Still Kicking at 88

March 18, 2014 - Trish Vradenburg

If Alzheimer's were cured, people would simply age, rather than disappear into the unforgiving vortex of the disease. There are many octogenarians and nonagenarians who age as nature meant them to. Take for example:

Warren Buffet, 83, who is called the "Sage of Omaha" and is noted for his adherence to the value investing philosophy and for his personal frugality -- probably because he recently was demoted to the third richest person in the world.


Betty White, 90, the vibrant comedian known for her expert timing and for never going down on a line.


Fidel Castro, 88, who gave a seven-hour speech last year in a park in Havana. No one was allowed to leave. This man knows the power of a captive audience.


Henry Kissinger, 90, who undoubtedly can still regale with stories of the war in Vietnam, his peace success and his prayer sessions with President Nixon


Joan Rivers, who is 80 and admits to almost an equal number of plastic surgeries. She still remembers every insult -- to herself as much as others. Joan says that when she was born she was so homely, the doctor slapped her mother.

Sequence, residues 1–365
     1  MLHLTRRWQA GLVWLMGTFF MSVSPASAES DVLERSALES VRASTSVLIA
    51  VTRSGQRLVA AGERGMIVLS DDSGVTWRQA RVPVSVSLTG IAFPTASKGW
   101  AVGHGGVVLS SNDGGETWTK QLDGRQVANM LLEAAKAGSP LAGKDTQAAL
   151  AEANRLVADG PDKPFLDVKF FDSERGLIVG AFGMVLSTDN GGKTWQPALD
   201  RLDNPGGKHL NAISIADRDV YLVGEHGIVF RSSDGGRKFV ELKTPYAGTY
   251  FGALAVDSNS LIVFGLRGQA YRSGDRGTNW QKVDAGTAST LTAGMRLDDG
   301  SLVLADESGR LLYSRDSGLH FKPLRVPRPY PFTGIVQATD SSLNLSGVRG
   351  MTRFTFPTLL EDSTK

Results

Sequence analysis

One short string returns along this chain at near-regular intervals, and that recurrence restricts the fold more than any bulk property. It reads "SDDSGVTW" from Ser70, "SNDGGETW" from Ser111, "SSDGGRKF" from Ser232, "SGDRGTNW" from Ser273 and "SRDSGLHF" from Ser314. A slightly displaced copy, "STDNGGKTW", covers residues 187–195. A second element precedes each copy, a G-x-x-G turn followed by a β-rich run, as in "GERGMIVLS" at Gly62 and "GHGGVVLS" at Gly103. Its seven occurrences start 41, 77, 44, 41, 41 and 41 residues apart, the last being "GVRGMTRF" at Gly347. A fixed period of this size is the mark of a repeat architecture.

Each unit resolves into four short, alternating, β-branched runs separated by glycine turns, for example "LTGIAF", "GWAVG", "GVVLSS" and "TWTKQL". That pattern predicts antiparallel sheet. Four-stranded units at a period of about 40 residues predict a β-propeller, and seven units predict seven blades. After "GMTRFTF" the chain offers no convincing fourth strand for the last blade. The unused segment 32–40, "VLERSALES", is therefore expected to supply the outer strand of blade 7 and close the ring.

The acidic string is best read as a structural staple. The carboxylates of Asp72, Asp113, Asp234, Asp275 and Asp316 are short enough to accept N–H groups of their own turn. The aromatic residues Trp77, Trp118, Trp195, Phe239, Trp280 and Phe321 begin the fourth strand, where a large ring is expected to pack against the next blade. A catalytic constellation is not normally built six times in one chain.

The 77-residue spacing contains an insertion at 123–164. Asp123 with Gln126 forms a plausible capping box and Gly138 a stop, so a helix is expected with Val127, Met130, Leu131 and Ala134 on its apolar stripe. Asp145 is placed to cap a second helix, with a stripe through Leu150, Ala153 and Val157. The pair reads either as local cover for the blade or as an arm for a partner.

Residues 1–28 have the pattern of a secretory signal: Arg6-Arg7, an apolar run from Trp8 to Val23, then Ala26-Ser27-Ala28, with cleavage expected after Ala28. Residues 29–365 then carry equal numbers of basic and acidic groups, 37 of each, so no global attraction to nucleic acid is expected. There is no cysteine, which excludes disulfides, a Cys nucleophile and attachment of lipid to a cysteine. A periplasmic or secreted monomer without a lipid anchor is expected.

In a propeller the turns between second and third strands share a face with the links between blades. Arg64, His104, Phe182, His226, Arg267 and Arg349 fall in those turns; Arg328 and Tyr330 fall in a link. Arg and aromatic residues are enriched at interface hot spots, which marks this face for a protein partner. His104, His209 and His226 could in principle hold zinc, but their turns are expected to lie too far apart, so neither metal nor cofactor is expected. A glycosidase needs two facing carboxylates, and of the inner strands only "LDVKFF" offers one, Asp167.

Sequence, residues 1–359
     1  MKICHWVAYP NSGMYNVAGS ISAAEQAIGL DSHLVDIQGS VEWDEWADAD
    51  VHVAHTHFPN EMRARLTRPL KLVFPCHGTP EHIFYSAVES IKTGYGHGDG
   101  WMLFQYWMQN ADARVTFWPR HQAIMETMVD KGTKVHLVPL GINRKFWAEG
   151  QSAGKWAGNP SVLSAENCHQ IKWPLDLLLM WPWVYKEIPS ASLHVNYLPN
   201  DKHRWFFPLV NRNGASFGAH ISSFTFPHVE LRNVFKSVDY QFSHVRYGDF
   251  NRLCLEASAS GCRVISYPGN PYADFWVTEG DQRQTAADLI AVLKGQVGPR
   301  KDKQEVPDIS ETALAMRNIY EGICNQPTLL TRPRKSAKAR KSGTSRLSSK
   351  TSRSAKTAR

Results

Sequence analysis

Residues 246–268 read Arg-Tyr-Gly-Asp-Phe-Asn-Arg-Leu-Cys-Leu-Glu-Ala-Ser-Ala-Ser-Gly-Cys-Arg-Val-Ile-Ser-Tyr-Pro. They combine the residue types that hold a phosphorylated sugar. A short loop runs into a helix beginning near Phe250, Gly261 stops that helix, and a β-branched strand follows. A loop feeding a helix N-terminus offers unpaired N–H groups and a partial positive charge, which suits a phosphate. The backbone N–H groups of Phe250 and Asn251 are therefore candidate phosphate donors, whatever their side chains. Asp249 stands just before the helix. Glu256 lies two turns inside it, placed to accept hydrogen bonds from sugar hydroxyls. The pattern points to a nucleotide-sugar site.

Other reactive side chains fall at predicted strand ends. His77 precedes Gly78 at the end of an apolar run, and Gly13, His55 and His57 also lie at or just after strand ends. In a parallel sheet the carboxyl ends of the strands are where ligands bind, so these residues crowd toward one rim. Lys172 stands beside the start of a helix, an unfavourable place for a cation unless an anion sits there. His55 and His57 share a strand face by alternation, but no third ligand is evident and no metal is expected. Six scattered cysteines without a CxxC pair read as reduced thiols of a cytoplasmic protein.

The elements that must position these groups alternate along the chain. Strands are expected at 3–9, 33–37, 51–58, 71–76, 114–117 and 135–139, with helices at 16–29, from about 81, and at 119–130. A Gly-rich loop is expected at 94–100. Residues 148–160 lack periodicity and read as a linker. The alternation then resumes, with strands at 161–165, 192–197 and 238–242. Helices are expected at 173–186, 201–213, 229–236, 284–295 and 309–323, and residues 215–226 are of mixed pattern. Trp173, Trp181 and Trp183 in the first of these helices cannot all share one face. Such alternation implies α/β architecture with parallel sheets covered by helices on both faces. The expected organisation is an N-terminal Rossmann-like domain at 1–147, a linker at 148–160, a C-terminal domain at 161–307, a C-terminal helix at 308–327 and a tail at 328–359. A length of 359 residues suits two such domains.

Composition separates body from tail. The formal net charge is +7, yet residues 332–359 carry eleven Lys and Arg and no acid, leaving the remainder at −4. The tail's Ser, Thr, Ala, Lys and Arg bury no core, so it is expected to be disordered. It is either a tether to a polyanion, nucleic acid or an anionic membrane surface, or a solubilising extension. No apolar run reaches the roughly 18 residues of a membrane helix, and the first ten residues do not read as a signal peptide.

Joseph Lerner, who was 94 when he died a premature death. Most everything had given out -- he was unable to walk, could barely hear a treble, his eyes had dimmed to darkness. But his mind, his glorious mind, was crystal-clear as he absorbed the news of the day. He was my father.


One of the most extraordinary women I have seen -- Johanna Quaas, an 88-year-old who still competes in gymnastics competitions. Check out this incredible video about Johanna, produced by the Guinness Book of World Records:

We need to ramp up the fight against Alzheimer's so that there are more women in the world like Johanna. Learn more about how your can join our movement in our action center

Editor's note: this blog originally appeared on Huffington Post 50


About the Author


Trish Vradenburg

UsAgainstAlzheimer's is a 501(c)(3) organization connecting networks of organizations and individuals to take action to end Alzheimer’s by 2020, while providing the general public, policy leaders and the media with vital information about Alzheimer’s disease.